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Mayor Ed Gainey says allowing cities to set their own gun laws would reduce violence

Pittsburgh Mayor Ed Gainey in his office on June 8, 2022.
Nick Konopka
90.5 WESA
Pittsburgh Mayor Ed Gainey in his office on June 8, 2022.

On today’s episode of The Confluence:

Mayor Gainey addresses gun violence in the city
(0:00 - 8:27)

Last Friday, Pittsburgh Mayor Ed Gainey unveiled his administration’s plan to address gun violence in the city. The city has had several highly publicized shootings this year, most notably at a house party over Easter weekend, where two teenagers were killed. More recently, a drive-by shooting downtown took the life of an 21-month-old child.

“We holistically looked at the approach to find out what is the best way to combat this uptick in violence. And we know that is happening throughout America. But right now, we're focused on the city,” says Gainey.

The state Supreme Court could soon hear cases arguing that municipalities should enact their own gun laws. Gainey says allowing Pittsburgh to set its own firearm regulations would result in a reduction in gun violence.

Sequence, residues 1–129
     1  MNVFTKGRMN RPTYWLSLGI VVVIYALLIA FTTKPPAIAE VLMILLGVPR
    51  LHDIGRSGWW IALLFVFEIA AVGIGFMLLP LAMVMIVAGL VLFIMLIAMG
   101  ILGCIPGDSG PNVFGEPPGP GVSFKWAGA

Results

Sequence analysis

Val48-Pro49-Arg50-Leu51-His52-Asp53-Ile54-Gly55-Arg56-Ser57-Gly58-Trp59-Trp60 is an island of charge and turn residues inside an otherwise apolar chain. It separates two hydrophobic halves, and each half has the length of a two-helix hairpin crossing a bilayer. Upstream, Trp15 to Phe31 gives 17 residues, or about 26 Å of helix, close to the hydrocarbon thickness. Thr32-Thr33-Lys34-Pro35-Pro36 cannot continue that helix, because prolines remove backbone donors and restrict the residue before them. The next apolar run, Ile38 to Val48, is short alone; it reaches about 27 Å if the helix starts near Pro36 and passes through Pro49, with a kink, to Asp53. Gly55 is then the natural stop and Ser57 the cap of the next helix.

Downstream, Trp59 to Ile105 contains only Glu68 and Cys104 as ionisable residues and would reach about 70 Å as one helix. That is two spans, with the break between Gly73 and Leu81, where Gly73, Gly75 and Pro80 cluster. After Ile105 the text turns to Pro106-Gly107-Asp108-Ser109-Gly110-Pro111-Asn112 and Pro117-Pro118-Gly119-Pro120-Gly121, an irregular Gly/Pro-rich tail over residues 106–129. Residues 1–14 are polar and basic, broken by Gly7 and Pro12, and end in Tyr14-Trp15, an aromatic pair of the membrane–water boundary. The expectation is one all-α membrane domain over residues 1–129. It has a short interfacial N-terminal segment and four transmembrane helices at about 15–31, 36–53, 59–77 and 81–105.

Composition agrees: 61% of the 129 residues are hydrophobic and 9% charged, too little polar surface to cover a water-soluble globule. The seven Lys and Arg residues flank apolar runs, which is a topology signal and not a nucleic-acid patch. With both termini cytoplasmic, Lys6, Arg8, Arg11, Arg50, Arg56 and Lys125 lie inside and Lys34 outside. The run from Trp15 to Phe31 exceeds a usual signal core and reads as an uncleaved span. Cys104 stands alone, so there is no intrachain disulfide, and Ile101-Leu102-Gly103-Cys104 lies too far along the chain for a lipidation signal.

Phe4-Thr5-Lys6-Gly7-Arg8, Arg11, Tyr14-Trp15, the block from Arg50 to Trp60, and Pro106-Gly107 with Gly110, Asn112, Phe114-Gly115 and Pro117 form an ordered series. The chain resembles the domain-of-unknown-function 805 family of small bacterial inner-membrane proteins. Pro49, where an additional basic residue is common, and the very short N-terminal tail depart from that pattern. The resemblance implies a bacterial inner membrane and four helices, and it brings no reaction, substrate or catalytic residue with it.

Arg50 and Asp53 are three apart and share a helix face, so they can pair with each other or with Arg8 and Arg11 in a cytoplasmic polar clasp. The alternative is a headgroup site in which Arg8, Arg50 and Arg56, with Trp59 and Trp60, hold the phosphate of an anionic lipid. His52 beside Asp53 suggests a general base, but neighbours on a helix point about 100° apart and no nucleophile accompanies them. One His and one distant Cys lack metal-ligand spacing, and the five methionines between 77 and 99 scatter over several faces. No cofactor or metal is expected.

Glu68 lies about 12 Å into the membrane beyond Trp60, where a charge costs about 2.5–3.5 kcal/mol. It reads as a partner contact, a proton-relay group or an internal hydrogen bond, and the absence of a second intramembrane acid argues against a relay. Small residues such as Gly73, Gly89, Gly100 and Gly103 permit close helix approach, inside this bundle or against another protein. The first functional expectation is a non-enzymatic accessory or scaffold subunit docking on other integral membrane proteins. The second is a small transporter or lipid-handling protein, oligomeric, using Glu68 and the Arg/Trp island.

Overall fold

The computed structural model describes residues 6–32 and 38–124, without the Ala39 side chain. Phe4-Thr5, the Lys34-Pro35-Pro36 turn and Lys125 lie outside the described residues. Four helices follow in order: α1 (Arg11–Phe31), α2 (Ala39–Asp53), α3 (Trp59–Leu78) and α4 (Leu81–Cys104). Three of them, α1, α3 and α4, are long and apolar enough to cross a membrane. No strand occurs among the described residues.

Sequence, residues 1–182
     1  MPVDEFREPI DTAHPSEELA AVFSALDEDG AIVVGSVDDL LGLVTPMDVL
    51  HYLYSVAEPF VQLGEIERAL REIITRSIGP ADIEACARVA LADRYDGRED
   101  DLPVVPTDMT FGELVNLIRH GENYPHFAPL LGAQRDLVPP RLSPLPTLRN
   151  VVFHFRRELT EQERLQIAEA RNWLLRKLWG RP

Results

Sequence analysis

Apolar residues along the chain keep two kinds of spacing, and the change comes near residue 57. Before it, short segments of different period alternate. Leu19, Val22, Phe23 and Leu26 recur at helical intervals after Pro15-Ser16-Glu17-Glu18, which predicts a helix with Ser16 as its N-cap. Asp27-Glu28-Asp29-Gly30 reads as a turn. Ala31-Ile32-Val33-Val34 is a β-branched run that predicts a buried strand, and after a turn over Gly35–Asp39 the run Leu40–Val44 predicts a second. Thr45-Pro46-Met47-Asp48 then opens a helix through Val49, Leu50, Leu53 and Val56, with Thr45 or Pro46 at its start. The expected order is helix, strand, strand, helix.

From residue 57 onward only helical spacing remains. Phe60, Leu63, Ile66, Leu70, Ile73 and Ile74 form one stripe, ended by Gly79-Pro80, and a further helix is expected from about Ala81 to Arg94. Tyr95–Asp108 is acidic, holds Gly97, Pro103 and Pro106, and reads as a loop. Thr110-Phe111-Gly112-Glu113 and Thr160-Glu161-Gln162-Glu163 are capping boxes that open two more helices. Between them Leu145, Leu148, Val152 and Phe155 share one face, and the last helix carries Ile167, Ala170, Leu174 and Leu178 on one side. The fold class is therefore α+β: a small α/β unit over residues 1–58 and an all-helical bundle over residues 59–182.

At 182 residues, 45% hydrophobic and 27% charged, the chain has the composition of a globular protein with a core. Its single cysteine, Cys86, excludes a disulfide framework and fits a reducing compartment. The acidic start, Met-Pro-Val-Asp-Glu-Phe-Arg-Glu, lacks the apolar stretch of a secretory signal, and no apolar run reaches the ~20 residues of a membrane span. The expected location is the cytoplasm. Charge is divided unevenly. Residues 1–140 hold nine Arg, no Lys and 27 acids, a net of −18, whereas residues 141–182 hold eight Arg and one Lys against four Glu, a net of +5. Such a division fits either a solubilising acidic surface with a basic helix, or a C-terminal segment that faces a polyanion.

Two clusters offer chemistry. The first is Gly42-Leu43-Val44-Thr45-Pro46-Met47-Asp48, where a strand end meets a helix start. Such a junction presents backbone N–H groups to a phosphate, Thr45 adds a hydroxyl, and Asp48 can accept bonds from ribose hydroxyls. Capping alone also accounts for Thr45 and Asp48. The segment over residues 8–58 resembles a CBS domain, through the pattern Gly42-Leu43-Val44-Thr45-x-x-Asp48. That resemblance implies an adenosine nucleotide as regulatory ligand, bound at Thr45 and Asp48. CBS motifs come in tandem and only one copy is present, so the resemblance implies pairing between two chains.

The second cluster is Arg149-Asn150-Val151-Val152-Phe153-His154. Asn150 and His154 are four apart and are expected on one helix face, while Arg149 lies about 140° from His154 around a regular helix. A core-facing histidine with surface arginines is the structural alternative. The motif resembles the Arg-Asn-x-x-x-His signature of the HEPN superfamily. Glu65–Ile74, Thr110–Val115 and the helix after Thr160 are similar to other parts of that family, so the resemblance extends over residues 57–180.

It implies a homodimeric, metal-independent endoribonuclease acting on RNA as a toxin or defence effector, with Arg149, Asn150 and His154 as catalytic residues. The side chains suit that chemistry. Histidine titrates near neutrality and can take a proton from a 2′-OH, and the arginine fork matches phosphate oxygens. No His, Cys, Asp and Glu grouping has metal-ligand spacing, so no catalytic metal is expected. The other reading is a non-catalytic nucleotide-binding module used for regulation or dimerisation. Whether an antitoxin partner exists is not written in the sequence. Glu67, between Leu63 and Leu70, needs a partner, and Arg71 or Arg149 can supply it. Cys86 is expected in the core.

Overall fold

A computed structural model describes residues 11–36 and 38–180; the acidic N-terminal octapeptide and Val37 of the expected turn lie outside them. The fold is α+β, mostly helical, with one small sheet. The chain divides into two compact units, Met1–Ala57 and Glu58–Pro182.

Pittsburgh Police have dispatched more officers to the South Side in recent weeks, and Gainey says he will be in the neighborhood late Saturday and early Sunday to observe the area firsthand.

Municipal property tax revenues are stagnating in Allegheny County
(8:31- 22:30)

According to Zillow, home sales prices in the Pittsburgh region have increased by 14.5% over the last year. But that doesn’t necessarily mean municipalities are raking in higher property tax revenues. A report by Public Sourceindicates that one in three municipalities in Allegheny County have stagnant or even declining real estate revenues.

“What if your tax base is anchored largely by a single gigantic mall and a bunch of retail properties clustered around it? And what if that mall goes down the tubes like some of them have?” ask Rich Lord, managing editor at PublicSource. “Well, we've seen the mall owners then appeal their assessments, and they argue that their properties aren't worth what they used to, and they win.”

Lord reports that some municipalities are now compensating for the loss in revenue by raising property taxes, to the dismay of some homeowners.

The Confluence, where the news comes together, is 90.5 WESA’s daily news program. Tune in Monday to Thursday at 9 a.m. and 7:30 p.m. to hear newsmakers and innovators take an in-depth look at stories important to the Pittsburgh region. Find more episodes of The Confluence here or wherever you get your podcasts

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